Then, on the eve of passage of the legislation, the focus changed to those few people (very few, it turns out) who are denied coverage because of a pre-existing condition. At last count there are about 107,000 enrolled in newly created risk pools because of this problem.

But it has only been very recently that New York Times columnist Paul Krugman and others have been in print explaining that ObamaCare won’t work unless the government controls the premiums paid by everybody in the entire country! No one ever said that during the presidential campaign or during the congressional debate. As far as the general public is concerned, this is a brand new idea.

There is one other way in which government regulation has caused health insurance to be different. Traditional indemnity insurance basically doesn’t exist anymore. What we call health insurance is really a health plan. It is an entity that controls what care you are entitled to and who can deliver it. When you choose a health plan, you are not just choosing an entity that will pay your medical bills. You are also choosing a network of doctors and hospitals and a set of protocols that determine how medicine will be practiced.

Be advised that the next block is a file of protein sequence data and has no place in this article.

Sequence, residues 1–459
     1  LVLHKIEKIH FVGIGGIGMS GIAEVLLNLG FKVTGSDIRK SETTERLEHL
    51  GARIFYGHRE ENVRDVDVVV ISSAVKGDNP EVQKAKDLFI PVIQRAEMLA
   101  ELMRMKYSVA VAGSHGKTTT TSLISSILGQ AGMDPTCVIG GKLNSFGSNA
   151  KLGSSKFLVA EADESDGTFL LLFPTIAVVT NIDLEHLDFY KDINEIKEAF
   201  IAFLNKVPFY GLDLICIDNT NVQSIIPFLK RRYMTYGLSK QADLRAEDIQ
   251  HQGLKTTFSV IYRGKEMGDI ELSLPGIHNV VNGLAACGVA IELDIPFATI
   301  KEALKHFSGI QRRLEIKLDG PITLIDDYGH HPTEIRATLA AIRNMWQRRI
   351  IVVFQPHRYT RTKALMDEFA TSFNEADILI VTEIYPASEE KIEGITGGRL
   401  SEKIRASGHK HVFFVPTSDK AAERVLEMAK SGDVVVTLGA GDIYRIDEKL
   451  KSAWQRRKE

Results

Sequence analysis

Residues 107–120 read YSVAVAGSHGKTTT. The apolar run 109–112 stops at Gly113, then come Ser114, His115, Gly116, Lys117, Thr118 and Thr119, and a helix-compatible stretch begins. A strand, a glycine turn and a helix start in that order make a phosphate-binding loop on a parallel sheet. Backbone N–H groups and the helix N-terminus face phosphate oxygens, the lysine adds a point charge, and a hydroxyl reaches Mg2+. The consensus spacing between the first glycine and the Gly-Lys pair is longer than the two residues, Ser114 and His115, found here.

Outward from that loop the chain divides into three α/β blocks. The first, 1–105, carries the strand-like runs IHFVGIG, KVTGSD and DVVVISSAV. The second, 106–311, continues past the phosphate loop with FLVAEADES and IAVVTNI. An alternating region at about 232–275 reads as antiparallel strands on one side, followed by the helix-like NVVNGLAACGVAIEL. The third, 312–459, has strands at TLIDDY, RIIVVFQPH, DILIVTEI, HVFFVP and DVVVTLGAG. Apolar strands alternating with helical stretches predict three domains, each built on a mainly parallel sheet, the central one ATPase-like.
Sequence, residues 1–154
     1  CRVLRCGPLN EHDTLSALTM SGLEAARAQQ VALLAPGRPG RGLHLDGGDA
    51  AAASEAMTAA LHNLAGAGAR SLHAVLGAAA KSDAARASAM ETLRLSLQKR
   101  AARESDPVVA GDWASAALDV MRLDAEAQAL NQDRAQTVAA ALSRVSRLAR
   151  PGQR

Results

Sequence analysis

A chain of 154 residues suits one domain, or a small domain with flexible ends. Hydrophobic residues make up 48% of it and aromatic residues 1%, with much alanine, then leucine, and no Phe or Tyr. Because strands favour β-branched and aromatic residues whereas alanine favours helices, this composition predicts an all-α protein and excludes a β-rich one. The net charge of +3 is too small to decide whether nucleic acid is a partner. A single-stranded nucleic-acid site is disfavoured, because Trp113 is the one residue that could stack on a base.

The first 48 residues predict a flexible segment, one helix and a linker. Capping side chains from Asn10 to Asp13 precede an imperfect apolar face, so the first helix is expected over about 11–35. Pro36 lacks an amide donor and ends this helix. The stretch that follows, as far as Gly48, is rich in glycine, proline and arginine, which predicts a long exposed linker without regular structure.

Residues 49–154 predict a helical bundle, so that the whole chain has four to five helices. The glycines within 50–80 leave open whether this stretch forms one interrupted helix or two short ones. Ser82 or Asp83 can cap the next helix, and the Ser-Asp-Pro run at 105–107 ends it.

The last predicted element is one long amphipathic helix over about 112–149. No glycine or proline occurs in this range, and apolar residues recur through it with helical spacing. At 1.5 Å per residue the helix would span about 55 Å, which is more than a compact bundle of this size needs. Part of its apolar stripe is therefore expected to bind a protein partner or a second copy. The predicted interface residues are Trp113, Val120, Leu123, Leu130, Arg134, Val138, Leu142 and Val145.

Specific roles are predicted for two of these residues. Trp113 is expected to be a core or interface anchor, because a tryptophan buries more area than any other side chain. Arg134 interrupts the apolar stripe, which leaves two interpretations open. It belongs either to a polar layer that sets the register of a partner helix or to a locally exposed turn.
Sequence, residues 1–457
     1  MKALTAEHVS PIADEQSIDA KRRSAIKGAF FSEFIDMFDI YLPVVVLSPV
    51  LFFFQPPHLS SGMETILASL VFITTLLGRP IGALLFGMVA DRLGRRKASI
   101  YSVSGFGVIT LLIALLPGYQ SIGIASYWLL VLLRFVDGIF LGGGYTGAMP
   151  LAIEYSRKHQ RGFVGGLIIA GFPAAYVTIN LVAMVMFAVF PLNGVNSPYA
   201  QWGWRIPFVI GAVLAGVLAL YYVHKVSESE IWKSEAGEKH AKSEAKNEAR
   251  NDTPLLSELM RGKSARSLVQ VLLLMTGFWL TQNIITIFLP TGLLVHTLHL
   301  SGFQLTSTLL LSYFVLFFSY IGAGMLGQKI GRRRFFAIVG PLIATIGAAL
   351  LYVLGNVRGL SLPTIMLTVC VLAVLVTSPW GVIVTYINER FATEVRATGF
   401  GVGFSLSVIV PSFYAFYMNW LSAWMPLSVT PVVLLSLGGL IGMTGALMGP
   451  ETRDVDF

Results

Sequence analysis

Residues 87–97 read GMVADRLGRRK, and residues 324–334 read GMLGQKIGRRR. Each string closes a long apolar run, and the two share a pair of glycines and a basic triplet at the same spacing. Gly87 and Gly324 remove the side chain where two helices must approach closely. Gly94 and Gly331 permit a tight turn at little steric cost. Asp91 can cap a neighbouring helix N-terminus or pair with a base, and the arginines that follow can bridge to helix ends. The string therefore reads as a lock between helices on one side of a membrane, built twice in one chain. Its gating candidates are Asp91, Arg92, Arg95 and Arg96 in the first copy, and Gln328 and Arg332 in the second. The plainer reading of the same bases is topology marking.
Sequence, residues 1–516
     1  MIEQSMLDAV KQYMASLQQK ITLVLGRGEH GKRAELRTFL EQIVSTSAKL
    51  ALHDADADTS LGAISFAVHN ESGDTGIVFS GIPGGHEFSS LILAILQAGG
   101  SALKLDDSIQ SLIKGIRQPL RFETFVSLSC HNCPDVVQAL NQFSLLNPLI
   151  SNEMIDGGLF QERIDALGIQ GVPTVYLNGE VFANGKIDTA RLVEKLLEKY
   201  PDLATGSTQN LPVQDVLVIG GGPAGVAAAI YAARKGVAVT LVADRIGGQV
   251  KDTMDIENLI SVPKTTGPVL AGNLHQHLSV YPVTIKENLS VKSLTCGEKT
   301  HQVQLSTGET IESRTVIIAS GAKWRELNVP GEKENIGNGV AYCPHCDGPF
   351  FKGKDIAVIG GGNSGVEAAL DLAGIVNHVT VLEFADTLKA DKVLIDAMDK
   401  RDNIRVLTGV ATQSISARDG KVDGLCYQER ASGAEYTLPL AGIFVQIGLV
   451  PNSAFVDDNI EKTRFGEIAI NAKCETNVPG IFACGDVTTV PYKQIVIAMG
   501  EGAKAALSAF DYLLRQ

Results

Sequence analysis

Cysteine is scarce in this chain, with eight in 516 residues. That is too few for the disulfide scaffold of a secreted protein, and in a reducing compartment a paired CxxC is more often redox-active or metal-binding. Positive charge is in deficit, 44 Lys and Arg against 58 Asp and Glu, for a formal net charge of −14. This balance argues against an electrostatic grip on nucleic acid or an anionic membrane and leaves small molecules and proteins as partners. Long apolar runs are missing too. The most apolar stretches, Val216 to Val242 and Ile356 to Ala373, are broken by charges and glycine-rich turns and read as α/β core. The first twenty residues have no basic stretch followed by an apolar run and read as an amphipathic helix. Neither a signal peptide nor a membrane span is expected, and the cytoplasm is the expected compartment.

Here’s why that matters. When premiums are regulated so that they cannot reflect expected costs, four things will happen:

  1. On the buyer side, people who are under-charged will over-insure and people who are over-charged will under-insure. This is basic economics. If the price you are asked to pay is artificially low, you will buy more than you otherwise would; if the price is artificially high, you will buy less. If you are sick and require a lot of medical care but can pay the premium ordinarily charged to a healthy enrollee, for example, you will likely choose the richest plan you can find.